Two forms of sexism
The masculinity constructions of the disrespectful womanizer and the respectful partner depicted in this study reflect the cultural discourses in Sri Lanka contrasting ‘good’ and ‘bad’ morals [7,11,31]. The disrespectful attitude towards women explicitly points towards men’s urge for exercising and demonstrating power over women and other men. The centrality of work in the construction of masculinity is an international phenomenon  reported also from India , Sri Lanka  Kenya and Tanzania . A link between the ideals of manhood and the ability to exercise power and control over a space are reported by South Indian male textile factory workers. Their ability to achieve this ideal depended on the availability of resources, resulting in men with less resources feeling subordinated . Men have conveyed a loss of self-respect and dignity in other Sri Lankan settings with high male unemployment combined with women’s increased work migration to the Middle East .
In the FTZ context, an increasing number of women have employment and money and occupy public space . Women’s engagement in traditionally male dominated areas contest patriarchal dominance which might contribute to men’s real or feared social and economic marginalization and feelings of powerlessness. This could favour masculinity constructions that incorporate sexual exploitation of women as a way to demonstrate status, superiority and power over women and other men. Fear of marginalization within their male group could make it difficult for men to resist peer pressure to antagonistic behaviour towards women, despite perceiving it to be morally and personally wrong, as in the case of the men interviewed in the present study. However, the disrespectful masculinity in the FTZ cannot solely be due to some men’s experiences of unemployment and marginalisation. Such attitudes could not be possible without existing cultural-historical notions of masculinity that are associated with accepting and enabling men’s entitlement to sexually exploit women.
The respectful masculinity style, occupying the high moral ground and advocating the benevolent protection of women workers in the FTZ, as revealed in the present study, stands in contrast to the disrespectful masculinity style. A similar duality in masculinity is described by Glick and Fiske . They discuss two forms of patriarchal sexism; hostile, and benevolent, implying a ‘virgin-whore’ dichotomization of women, and this duality constructs women as being doubly inferior to men. While hostile sexism shares similar traits to the disrespectful womanizer style, they describe benevolent sexism as ‘a subjectively positive orientation of protection, idealization, and affection directed towards women’ [35:763]. Hostile sexism, then, is easy to recognize and criticize because it is characterised by overt ferocity towards women, while benevolent sexism is less likely to be questioned because it is subjectively positive and characterizes some women as being pure and virtuous but weak creatures in need of and worthy of protection. Because women fall into either of these orientations, they are subjected to sexism on both levels. Benevolent sexism reinforces the importance of women adhering to certain ideals of femininity and disapproves of women who do not. Thereby, it contributes to the acceptance of men’s sexual exploitation of women who deviate from the ideals of femininity as they are not seen to be deserving of the protection of benevolent sexism. A similar way of reasoning was demonstrated among male university students in Sri Lanka, who justified the sexual harassment of women who they judged as failing to display lajja-baya . The present study revealed the perception that migrant women workers undergo a moral degradation in the FTZ, from innocent to not respectable, as they become more knowledgeable and independent. Thus, it is probable that many migrant women workers will not be categorized as ‘pure, virtuous, and weak creatures’. Consequently, they are unlikely to experience the protection and respect that benevolent sexism could offer, and perhaps even be seen to be deserving of hostile sexism.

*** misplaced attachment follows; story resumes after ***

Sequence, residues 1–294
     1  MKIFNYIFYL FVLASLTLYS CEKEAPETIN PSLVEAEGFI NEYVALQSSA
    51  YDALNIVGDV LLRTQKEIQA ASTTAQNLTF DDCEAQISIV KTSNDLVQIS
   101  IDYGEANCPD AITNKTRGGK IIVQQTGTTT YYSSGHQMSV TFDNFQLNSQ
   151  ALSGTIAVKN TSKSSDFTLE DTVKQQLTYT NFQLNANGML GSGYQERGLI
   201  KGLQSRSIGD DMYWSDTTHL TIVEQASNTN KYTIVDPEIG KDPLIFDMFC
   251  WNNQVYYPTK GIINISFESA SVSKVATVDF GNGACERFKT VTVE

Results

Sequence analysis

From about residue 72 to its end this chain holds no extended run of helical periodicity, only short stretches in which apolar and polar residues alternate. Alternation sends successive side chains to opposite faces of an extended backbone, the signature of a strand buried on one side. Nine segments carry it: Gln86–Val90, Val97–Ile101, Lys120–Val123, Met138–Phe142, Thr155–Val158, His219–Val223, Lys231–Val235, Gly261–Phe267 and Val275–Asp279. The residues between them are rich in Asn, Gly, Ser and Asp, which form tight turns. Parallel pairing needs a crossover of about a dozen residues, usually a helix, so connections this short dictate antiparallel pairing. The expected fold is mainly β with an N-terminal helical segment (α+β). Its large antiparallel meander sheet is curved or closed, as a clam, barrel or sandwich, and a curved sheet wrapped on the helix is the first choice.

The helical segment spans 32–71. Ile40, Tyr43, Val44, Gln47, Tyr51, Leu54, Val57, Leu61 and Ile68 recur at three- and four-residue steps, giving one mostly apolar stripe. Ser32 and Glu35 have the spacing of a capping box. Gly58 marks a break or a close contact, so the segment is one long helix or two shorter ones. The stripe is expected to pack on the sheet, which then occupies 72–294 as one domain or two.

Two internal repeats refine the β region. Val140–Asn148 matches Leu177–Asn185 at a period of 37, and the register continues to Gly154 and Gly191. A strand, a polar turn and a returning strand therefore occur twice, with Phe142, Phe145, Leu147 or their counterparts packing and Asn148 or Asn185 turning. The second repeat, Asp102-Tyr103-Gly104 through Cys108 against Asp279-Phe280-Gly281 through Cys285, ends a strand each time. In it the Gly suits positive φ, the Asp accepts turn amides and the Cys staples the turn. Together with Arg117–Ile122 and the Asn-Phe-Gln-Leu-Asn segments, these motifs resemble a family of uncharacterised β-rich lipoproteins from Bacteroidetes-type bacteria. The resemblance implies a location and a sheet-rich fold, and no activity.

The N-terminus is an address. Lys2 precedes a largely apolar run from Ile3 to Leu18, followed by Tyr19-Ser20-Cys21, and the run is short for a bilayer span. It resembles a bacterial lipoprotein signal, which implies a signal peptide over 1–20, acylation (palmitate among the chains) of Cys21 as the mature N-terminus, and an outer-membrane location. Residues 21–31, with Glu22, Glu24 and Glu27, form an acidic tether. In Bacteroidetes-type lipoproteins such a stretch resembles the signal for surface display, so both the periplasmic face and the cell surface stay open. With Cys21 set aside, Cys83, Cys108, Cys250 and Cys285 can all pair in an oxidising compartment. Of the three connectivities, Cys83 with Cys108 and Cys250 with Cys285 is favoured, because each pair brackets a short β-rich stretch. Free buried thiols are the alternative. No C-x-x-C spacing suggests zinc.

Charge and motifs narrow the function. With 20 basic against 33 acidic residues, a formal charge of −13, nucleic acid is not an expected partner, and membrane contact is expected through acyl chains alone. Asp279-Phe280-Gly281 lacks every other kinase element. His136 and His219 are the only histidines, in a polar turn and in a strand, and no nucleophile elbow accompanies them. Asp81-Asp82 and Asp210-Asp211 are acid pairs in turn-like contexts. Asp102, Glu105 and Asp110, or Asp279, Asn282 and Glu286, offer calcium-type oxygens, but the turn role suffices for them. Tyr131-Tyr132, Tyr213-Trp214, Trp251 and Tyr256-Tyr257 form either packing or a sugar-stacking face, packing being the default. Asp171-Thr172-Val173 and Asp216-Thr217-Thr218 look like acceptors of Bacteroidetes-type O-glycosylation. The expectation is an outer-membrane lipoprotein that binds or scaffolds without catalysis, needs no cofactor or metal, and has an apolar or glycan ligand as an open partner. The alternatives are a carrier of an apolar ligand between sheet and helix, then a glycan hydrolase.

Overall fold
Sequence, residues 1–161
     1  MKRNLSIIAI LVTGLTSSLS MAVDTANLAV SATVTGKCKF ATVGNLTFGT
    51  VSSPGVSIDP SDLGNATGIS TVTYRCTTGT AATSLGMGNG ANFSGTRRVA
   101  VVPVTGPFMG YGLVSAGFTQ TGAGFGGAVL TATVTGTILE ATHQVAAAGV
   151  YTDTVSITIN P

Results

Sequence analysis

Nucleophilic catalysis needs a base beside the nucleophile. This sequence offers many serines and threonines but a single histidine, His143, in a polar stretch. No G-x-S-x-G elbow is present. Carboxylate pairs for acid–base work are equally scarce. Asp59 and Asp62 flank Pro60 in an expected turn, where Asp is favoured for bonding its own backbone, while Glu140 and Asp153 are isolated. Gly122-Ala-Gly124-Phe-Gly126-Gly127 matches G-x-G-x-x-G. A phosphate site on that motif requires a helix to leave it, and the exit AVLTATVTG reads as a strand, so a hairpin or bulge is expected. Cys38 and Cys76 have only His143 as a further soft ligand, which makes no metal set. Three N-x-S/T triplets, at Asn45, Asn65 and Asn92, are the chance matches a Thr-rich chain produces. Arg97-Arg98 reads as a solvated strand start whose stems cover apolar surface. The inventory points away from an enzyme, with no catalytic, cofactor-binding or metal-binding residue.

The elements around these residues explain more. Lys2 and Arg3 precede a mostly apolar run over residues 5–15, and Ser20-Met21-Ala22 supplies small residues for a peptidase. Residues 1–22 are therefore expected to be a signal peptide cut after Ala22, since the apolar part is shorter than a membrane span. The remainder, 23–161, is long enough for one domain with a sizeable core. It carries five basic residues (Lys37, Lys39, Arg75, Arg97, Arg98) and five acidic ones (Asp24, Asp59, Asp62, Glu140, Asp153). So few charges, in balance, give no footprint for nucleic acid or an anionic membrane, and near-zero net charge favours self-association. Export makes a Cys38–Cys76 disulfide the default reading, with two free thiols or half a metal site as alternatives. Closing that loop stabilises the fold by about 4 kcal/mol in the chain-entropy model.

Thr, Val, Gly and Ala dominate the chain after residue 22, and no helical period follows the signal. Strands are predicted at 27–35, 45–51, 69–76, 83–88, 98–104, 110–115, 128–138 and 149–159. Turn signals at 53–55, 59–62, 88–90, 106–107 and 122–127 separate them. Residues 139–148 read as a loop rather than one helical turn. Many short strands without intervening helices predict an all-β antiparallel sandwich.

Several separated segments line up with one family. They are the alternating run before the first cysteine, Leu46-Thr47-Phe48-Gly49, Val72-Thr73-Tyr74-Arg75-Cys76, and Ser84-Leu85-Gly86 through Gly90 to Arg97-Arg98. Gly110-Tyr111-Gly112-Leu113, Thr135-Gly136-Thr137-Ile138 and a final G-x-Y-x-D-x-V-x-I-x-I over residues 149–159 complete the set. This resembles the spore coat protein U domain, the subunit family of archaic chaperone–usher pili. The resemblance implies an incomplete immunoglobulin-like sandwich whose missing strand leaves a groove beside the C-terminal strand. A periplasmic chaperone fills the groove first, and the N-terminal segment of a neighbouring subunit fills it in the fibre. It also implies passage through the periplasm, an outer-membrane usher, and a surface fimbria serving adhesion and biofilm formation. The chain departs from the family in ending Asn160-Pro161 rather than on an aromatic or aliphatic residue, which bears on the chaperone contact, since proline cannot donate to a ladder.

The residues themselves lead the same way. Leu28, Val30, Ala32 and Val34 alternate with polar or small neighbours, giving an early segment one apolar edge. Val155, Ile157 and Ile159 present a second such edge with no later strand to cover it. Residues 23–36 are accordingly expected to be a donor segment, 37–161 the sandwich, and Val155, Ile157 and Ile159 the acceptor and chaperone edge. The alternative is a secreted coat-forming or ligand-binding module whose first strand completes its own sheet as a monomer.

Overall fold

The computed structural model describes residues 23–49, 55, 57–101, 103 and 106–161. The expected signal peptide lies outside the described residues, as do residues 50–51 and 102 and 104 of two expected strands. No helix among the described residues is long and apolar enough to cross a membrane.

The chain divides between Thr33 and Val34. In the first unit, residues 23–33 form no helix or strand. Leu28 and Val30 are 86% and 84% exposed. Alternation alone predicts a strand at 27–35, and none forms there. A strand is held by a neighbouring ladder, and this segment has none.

Implications for migrant women’s sexual and reproductive health and rights
Over time, in the FTZs, unmarried migrant women workers were perceived to be having heterosexual relationships that often include sexual relations. Unmarried women’s virginity is strongly linked to whether or not they were regarded as respectable. Respectability is described by Skeggs  as a key factor for British low-income women’s position, and how women transgressing norms of female behaviour risk being regarded as disrespectable. In Sri Lanka, respectability and virginity is particularly important for unmarried women’s ability to remain included in her family and community [7,21,37]. In a South Asian context, female sexuality is perceived as both ‘voracious and in need for being kept in control and dormant, in need of being stimulated by a man to elicit the appropriate response’ [6,34]. When viewing women’s sexuality as insatiable, women who are not kept under control are assumed to engage in sexual behaviour, thus migrant women workers are easily labelled disrespectable. When men perceive women as disrespectable they are more likely to justify hostile sexism, which includes engaging in sexual relations with migrant women without due consideration of their SRHR, the possibility of getting married, inclusion in their community, or for their well-being. Previous studies have indicated that, to avoid being seen as disrespectable, pregnant unmarried women resort to illegal and unsafe abortions [16-18], involuntarily give up their child for adoption , or commit infanticide [38,39]. Furthermore, Marecek  reveals how women accused of sexual disrespectability may resort to acts of self-harm or suicide. Thus, being labelled as disrespectable in this context can have fatal consequences for both women and their children.